Bloomberg Philanthropies Donates $30M To Sierra Club

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Ex-New York Mayor Michael Bloomberg announced on Wednesday, April 8th that his nonprofit has made an additional $30 million donation to a Sierra Club environmental campaign to reduce the number of U.S. coal-fired power plants in the U.S.

The new donation by Bloomberg Philanthropies to the Sierra Club’s “Beyond Coal” campaign is above and beyond a $50 million pledge the organization made in 2011. The Beyond Coal campaign has been involved in the closure of 187 highly polluting coal power plants so far.

Statement from former MYC mayor Michael Bloomberg

“Coal’s days are numbered,” Bloomberg commented on Wednesday during the announcement of the donation. “It’s holding back our economy.”

Details on new Bloomberg Philanthropies donation to Beyond Coal

The announcement from Bloomberg and the Sierra Club noted that 12 other contributors would match Bloomberg Philanthropies’ $30 million donation to make a total donation of $60 million.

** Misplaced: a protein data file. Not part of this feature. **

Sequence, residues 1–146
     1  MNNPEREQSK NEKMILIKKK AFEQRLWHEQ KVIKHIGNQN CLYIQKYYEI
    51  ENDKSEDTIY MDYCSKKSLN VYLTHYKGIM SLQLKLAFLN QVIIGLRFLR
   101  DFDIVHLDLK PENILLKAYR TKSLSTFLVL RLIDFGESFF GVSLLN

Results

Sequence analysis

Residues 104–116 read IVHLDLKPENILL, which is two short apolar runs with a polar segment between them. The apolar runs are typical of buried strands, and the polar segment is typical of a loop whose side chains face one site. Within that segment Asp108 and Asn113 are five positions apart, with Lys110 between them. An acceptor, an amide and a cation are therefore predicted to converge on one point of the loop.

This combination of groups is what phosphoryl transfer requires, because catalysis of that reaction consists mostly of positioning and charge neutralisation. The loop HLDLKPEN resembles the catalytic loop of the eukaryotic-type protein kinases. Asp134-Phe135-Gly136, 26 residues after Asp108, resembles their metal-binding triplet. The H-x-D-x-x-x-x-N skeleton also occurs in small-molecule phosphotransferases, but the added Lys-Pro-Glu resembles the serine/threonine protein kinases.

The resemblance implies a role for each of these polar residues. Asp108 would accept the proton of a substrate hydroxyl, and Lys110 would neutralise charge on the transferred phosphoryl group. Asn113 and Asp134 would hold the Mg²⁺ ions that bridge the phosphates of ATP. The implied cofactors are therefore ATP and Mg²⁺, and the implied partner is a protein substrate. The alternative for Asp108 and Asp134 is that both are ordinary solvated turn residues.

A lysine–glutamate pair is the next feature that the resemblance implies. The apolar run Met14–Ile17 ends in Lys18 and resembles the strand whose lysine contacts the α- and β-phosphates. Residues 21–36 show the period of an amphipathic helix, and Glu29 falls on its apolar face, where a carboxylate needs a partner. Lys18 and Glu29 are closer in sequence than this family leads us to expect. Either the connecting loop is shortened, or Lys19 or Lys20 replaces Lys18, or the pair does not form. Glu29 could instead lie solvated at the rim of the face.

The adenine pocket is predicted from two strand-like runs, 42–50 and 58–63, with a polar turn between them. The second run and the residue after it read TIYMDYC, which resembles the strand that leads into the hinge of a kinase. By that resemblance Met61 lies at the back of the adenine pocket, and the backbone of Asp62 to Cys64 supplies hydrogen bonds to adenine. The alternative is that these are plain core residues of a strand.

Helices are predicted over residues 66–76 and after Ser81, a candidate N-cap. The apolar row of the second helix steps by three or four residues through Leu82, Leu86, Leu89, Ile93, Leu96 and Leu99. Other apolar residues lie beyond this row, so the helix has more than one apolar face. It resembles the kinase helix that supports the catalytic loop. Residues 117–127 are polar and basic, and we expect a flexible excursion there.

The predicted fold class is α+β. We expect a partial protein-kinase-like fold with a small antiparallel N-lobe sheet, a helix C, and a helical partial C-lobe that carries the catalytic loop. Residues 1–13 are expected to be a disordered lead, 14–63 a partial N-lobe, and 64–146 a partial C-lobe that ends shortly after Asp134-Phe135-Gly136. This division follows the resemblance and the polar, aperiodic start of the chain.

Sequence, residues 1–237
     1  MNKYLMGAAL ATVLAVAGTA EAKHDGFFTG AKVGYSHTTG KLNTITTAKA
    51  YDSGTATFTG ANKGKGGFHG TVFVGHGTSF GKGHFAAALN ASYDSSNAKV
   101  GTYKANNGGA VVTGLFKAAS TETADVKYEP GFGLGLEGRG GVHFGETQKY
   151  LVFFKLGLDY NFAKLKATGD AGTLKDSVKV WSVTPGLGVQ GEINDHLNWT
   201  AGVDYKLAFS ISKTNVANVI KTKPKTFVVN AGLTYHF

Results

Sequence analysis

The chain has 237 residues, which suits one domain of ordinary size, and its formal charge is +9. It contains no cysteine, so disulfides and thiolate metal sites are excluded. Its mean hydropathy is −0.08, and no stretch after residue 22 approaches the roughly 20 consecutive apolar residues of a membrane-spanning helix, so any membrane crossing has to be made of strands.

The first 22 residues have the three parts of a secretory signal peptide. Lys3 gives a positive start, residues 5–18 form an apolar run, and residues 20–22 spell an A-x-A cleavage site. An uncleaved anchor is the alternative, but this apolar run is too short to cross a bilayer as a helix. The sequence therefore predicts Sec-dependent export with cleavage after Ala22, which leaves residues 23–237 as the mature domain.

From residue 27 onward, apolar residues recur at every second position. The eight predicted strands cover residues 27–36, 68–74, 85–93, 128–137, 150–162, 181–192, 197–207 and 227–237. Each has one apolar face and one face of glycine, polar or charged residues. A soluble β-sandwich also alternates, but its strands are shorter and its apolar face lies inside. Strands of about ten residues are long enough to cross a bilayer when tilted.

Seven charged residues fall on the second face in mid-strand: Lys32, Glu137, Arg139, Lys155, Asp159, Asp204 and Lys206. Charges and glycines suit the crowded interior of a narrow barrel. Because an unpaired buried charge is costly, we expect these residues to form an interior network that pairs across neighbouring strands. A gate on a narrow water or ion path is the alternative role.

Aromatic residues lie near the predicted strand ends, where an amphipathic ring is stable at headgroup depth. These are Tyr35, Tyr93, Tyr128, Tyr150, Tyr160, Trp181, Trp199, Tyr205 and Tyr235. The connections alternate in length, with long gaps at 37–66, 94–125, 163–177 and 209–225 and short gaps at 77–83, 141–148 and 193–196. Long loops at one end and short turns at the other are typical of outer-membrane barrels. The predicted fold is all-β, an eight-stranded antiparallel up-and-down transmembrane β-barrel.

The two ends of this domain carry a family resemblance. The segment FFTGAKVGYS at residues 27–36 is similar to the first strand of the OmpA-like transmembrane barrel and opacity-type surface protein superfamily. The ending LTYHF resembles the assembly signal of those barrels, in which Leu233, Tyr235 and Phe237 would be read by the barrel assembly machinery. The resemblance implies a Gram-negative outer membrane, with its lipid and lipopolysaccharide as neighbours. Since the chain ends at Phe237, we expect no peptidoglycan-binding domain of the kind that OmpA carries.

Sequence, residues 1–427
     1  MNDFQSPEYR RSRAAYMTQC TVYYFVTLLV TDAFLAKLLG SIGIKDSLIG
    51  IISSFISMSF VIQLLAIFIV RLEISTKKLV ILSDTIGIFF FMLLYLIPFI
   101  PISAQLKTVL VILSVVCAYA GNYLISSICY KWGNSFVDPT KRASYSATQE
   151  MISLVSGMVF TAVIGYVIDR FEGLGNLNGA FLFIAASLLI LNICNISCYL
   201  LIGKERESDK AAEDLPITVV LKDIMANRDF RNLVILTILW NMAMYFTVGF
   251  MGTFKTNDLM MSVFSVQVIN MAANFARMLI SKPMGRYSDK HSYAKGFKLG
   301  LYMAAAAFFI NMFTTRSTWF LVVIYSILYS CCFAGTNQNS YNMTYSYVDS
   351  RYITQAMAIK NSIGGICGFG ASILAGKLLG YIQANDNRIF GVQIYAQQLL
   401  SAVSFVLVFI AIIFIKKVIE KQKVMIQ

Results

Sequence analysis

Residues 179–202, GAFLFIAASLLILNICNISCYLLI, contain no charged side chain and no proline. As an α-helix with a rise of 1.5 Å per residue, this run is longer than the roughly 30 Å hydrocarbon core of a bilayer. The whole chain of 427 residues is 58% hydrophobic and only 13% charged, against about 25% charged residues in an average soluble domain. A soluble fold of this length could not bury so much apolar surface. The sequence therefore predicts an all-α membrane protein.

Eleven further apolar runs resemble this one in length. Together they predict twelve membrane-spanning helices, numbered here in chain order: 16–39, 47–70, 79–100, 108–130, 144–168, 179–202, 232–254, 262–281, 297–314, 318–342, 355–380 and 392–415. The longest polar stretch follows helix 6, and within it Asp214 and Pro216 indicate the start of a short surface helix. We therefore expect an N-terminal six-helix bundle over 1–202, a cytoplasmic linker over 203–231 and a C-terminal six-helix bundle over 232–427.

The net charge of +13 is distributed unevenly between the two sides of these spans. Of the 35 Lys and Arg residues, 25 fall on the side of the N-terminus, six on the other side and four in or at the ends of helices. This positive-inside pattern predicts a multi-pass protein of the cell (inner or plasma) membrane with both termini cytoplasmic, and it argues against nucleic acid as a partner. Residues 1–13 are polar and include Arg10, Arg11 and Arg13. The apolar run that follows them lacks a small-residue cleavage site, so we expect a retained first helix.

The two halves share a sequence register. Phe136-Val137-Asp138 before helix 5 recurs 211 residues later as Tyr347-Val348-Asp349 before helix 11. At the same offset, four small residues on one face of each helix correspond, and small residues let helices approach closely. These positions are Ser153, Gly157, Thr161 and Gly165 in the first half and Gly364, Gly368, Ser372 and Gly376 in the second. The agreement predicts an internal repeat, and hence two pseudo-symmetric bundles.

Given its beefed-up budget, Beyond Coal says it now plans to retire half of the around 500 coal plants in the United States by 2017. That is a significant increase from its prior goal of a retiring a third of U.S. coal plants by 2020.

The new funding comes as the EPA finalizes its proposed regulations to reduce carbon emissions from existing power plants. The new rules are scheduled to be released this summer.

Given that coal state lawmakers and industry are working hard to preempt the pending EPA rules in Congress and in the court system, Sierra Club Executive Director Michael Brune noted the group was ready for the fight.

“We’ve been preparing for backlash for the better part of five years,” Brune commented in a recent phone interview.

“Beyond Coal” works with local activists to advocate for closing down inefficient and polluting coal plants, as well as preventing new plants from being built. They are working to replace the retired capacity with various forms of renewable energy.

Brune said that impacted coal communities deserved both “facts and a little bit of empathy,” but also noted that coal did not offer any economic benefit because renewable energy costs continue to drop.

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